Scotland are not suffering from mental fragility - Glasgow winger Tommy Seymour
Tommy Seymour insists the cracks in Scotland's creaking defence have not been caused by mental weakness.
The Glasgow wing angrily shot down the suggestion that psychological frailties had been the reason for the Scots' wretched RBS 6 Nations campaign.
Vern Cotter's team strode purposefully into this year's championships on the back of three encouraging displays against Argentina, New Zealand and Tonga in November.
Some pundits even tipped the the Dark Blues as dark horses for the title.
But the same old self-inflicted gaffes that have cost them dear, with Ireland now preparing to complete a miserable run by handing the Celtic neighbours their fifth straight defeat in Edinburgh this Saturday.
Seymour knows his side have let themselves down - but he insist their problems do not start in the mind.
He said: "No - 100 per cent not. I would almost take offence to the notion of that.
"Listen, I can understand the questions that are asked because people obviously look at the performances and think there is a button here that needs to be pressed.
"But there is definitely not a mental fragility."
The Scots kicked-off their campaign in Paris but despite notching the only try, they allowed France to kick their way to a 15-8 win following a string of penalties.
Wales then took control of their second match at Murrayfield after stand-off Finn Russell was sin-binned when his "reckless" tackle left jumping Dragons fly-half Dan Biggar in a heap
There was more misery in store as Italy's rolling maul steamrollered the Azzurri to a last-gasp win in the capital, while Scotland sparkled briefly at Twickenham on Saturday before the Auld Enemy fired back into a three-way shoot-out for the title by adding 15 unanswered points in the second half.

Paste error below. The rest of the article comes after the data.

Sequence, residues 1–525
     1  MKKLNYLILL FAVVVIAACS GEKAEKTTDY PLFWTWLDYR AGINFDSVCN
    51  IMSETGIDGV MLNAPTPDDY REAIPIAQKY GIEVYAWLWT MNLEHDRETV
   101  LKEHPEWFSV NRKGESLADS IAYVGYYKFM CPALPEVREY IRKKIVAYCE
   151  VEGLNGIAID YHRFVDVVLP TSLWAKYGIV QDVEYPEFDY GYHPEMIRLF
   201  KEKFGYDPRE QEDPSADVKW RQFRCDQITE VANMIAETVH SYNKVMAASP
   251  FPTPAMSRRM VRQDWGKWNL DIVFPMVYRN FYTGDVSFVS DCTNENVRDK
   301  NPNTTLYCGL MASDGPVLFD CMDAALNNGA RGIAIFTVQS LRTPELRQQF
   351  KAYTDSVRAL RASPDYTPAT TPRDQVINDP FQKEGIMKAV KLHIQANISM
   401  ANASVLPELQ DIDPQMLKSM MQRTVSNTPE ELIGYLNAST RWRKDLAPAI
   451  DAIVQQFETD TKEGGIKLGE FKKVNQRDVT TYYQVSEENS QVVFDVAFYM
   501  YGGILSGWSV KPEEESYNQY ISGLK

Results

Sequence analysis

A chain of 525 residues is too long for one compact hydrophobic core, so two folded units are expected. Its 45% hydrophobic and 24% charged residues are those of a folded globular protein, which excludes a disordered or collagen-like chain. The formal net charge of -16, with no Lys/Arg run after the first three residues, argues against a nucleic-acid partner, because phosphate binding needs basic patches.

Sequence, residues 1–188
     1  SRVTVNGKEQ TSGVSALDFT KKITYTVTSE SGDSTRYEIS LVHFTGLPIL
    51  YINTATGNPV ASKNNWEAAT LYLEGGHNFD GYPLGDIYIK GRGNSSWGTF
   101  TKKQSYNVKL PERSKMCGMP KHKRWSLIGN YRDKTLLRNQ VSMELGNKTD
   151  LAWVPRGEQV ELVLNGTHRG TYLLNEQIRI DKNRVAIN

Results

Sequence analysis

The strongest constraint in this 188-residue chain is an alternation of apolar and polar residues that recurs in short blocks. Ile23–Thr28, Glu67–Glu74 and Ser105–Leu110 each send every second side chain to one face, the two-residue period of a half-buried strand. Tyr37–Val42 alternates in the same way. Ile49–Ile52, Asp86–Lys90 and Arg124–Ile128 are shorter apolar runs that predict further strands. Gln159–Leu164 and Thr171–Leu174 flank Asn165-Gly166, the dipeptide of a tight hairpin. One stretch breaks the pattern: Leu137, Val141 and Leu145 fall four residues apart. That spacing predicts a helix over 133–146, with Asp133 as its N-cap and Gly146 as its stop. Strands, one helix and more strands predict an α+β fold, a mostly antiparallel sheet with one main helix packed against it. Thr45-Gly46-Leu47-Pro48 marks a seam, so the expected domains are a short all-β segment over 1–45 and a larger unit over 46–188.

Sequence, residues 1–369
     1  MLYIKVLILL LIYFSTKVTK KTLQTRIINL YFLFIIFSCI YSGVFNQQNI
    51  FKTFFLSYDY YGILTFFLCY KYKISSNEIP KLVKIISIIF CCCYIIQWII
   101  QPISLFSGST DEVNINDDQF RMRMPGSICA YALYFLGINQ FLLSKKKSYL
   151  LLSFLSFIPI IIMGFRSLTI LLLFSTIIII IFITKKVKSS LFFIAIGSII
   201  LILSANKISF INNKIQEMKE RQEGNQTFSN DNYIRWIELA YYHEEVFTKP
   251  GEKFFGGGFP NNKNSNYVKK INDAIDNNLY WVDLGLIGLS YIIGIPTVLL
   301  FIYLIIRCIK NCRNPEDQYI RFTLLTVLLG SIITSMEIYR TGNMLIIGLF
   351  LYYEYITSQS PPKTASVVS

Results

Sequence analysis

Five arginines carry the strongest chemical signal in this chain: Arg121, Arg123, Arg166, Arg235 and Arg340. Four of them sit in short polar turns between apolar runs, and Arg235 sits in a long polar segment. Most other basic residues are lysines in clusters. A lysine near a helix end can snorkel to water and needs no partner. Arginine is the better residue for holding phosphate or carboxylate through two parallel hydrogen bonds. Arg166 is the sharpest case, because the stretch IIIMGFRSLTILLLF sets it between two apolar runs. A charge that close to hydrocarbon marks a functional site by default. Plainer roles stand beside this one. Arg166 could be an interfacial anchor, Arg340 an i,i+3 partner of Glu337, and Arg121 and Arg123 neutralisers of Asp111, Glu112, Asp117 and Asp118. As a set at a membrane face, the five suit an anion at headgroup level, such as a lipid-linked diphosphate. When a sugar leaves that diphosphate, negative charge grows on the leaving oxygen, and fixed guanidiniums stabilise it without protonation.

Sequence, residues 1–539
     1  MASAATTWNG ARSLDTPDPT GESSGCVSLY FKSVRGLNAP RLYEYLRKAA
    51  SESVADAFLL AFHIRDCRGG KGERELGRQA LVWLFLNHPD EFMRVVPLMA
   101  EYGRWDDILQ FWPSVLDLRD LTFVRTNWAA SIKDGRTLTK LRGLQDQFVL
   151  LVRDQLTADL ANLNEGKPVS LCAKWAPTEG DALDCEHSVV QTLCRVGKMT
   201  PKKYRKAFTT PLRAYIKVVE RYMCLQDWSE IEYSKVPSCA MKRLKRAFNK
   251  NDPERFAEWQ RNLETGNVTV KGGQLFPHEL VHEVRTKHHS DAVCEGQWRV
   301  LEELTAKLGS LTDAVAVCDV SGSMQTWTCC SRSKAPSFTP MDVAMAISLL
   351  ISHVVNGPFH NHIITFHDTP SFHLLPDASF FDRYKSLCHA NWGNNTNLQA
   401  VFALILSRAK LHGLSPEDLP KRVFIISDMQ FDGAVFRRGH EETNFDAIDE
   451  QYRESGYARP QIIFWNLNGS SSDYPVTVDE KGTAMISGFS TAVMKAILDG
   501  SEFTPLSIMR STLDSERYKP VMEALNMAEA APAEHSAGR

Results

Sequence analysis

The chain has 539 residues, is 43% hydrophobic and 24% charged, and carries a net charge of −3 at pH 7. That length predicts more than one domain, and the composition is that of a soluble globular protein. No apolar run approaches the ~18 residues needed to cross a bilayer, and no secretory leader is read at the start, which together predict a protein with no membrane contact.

"We need to stop being the creators of our own downfall at times," added Seymour. "But there is certainly no fragility on a mental aspect with any of the players I go out and play with.
"We know exactly what we can do. We are fully confident in that. There needs to be an ability within all of us that we can do these things for 80 minutes.
"But we are definitely not in a position where we are doubting our abilities."
Ireland will now go in search of the win which will see them pip England and Wales to the Six Nations title this weekend.
That leaves the Scots facing the ominous prospect that if they cannot repel Joe Schmidt's side, they will end this year's Northern Hemisphere joust with a five-game whitewash for the third time since 2004.
In that case, it would leave Cotter open to the charge his first campaign had been a failure - but Seymour insists that assessment is too simplistic.
He said: "It's probably too easy (to describe this campaign as a failure) I think.
"Let's not beat about the bush, we have not won a game yet. A tournament is going to be defined for the mass part for a lot of people based on the back of wins or losses.
"Now in that case, you can say 'Well we can write this one off - it's not been what we want. It's been a failure'.
"However, with this squad it has to be a learning process. It has to be the idea that we are building something that goes beyond five or six weeks.
"It started in the autumn and is building up to the World Cup - that has to be the mindset.
"There has been a lot of disappointment in the results from this tournament. However, the elements that have shown improvement can only mean that we have to progress from this.
"We have shown the flaws that we need to fix in order to go on.
"So in terms of fixtures, it's been disappointing but it's not been a failure in terms of the growth of the squad. If we learn from the mistakes and swallow the big pills we have had to take, then we can come off the back of it stronger."